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Discussion Starter · #1 ·
:-( I am still new at knitting, I have a problem that I can't seem to solve My finished end it 3 to 4 inches shorter than the beginning. (this is a throw) I bound off very loosely
1 I have checked for dropped stitches (none)
2 I have checked folded up the beginning end and it seems the last 6 or so inches is where the problem might have happend but for the life of me I see nothing to where I may have gone wrong.
Please Help!!!!!!! New from Oregon
 

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It's likely that as you knit over time your tension changed so that by the time you got to the end of your throw your stitches were tighter than when you began. That is something that will even out with time and practice. If you ended up with the right number of stitches then you most likely did nothing wrong - you just got more comfortable knitting and settled into a tension that was a little different than when you started. Don't get discouraged - the next one is sure to be better! :) Happy knitting!
 

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:roll: I have done the same thing when makeing an afghan mine was narrower at one end then the other end. I laid mine out and looked to see where it started narrowing I unraveled the yarn to a couple rows past where it started narrowing then I counted to see if I had the right number of stitches if I didnt I would take out rows until I did. My mistake was once in a while I didnt work or lost the last stitch. So when I started knitting again every couple of rows I would make sure I had the right number of stitches when I finished both ends were the same. Dont know if this will help, but that is what my problem was. I hpe you find out where the problem is. Good luck p.s. I am from Oregon also. Have a beautiful day
 

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Discussion Starter · #5 ·
Thank you for your advice I will start ripping haha I had thought of taking stitches out but wanted some advice on what might be the cause before I made the same mistake again.
I'm from Lincoln City and where do you reside?
Thanks again New from Oregon
 

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I agree with TammyK & Love, problem is typically tension change or stitch change. Don't worry, we all have had those days that it just didn't go right and have to rip back. Ripping out is worth it because you'll never be happy with it unless you do.
Another suggestion is each time you begin to work pay attention to your tension (how are you holding your yarn, is it the same position in your hand/fingers as before, is it as loose or tight as before, does the needle slide in and out with the same ease of completing the stitch). Once you have completed a row or two you should be back in the rhythm you established before, making it less likely to have big tension differences.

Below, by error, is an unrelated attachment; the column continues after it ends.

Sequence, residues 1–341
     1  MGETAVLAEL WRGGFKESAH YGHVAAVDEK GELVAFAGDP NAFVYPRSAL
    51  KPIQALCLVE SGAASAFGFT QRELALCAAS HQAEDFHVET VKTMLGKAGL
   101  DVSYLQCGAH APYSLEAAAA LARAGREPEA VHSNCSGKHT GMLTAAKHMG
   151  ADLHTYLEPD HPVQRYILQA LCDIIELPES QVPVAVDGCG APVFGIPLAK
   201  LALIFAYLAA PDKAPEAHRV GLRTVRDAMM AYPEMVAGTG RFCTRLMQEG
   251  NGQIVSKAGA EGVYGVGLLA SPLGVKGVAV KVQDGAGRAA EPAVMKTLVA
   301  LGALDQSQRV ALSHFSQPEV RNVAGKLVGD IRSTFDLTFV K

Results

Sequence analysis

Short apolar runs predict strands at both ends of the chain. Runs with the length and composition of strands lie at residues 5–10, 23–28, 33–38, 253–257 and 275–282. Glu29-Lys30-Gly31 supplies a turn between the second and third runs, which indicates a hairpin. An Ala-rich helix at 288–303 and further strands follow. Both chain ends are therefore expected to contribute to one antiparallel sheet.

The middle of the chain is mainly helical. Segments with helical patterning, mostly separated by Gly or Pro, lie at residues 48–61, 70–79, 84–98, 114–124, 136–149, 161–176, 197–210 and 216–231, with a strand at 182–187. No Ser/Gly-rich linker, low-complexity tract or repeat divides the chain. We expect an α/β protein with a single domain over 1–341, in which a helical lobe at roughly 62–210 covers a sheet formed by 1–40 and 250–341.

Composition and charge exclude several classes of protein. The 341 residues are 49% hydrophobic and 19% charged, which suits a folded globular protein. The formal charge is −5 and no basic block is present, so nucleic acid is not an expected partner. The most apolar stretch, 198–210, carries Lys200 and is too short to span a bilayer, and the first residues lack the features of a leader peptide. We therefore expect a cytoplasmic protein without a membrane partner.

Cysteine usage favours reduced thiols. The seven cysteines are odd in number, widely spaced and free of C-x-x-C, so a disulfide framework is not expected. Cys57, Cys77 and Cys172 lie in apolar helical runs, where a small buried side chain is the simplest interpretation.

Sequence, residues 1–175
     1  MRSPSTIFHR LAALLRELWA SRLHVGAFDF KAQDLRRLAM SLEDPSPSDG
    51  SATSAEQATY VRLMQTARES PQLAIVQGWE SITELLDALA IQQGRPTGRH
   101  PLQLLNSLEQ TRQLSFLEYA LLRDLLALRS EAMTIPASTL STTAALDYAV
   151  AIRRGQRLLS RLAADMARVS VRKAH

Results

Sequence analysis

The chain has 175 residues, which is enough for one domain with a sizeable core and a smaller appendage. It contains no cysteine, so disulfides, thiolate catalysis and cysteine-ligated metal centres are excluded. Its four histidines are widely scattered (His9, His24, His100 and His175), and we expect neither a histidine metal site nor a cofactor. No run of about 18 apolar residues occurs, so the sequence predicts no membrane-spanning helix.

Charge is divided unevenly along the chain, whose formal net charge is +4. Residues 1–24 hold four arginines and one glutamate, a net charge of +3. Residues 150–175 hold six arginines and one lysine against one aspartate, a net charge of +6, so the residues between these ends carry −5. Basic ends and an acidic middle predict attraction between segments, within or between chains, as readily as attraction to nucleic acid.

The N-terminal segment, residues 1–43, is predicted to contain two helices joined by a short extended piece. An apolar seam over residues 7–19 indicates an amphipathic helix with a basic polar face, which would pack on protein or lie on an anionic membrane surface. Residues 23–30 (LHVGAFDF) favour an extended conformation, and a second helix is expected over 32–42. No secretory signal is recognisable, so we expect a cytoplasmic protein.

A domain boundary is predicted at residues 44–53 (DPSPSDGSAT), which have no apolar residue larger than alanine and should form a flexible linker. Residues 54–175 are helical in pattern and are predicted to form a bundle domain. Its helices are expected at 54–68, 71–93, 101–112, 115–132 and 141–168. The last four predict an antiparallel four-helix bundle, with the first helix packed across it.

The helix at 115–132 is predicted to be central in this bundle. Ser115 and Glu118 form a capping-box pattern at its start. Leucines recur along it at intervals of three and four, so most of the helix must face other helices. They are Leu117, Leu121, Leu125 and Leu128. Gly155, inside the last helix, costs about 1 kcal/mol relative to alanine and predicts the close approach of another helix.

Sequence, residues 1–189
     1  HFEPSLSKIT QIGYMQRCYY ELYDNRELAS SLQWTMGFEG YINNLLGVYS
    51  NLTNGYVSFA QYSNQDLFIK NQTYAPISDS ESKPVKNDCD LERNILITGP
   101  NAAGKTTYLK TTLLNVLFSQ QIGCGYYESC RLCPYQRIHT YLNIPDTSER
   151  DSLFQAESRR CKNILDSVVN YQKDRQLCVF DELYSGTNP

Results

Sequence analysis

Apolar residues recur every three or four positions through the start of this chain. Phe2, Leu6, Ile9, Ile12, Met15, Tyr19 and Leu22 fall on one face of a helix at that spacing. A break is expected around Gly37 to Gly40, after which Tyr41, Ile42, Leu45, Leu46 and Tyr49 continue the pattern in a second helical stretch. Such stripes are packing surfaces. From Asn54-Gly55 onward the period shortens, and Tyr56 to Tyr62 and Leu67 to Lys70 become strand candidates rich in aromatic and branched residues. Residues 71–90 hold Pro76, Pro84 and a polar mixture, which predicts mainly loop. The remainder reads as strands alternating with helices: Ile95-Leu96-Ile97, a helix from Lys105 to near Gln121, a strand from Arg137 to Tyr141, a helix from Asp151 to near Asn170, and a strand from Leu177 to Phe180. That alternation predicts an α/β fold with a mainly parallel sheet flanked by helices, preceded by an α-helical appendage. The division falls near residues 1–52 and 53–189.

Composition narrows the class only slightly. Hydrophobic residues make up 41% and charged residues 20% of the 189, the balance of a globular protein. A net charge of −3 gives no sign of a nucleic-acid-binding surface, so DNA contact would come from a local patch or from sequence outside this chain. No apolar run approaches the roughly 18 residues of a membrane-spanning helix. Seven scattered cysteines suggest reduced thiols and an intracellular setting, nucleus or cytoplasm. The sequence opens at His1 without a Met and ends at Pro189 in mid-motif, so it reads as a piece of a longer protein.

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Another trick I've learned over the years is to run a different colored yarn through all the stitches on yuour last row of knitting every so often so when you have to rip, you'll have an 'anchored' row to use for pickup. This is particularly handly when knitting a fairly difficult pattern, sich as lace work.

I'm new here and from Oregon, also. Portland
 

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Hello new in Oreg, from the frigid state of So Dakota.
This is a problem that all knitters run into once in a while. When life is stressful, your gauge will be different, when you have a glass of wine or other spirits, your gauge will be off, etc, etc. There are many reasons why an item will start out and end differently, so it is a good idea to check your
1. the number of sts on a row to make sure you haven't dropped or added any
2. if doing a stitch pattern and you know the number in each repeat, check to see they are correct
3. if you have a wider or narrower, taller or shorter, section all of a sudden, check to see if you might have picked up a different size needle to work with (don't ask how I discovered this problem)
4.Check to make sure you have used the same yarn all the way through a project. Even experienced knitters who have several projects going in the same color can pick up the wrong skein
Just a few things to watch out for. By the way I wish I still lived in Oregon. Was born and raised within 30 miles of Portland but explored most of the state throughout the 40 years I lived there and would give anything to be able to come back.
 

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Hi I am also new to the site and also live in Oregon in Springfield. I do not have any thing to add to what the others have said. Just wanted to say Hi to another Oregonian. I have the tendency to bind off tight. I will use a needle one size larger to bind off and then it is pretty good.

Annie
 

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About beginning knitting: my friend, Pat, is a talented actress and was in the Agatha Christie play 10 Little Indians. She had the part of a bitter spinster who knits. So I taught her how to knit and at each practice and performance she would click away looking like she new what she was doing. The thing grew and grew. It also grew narrower and wider and very holey where she'd accidentally added stitches.

If getting narrower is your only problem you're doing okay and the next one is bound to be better.
 
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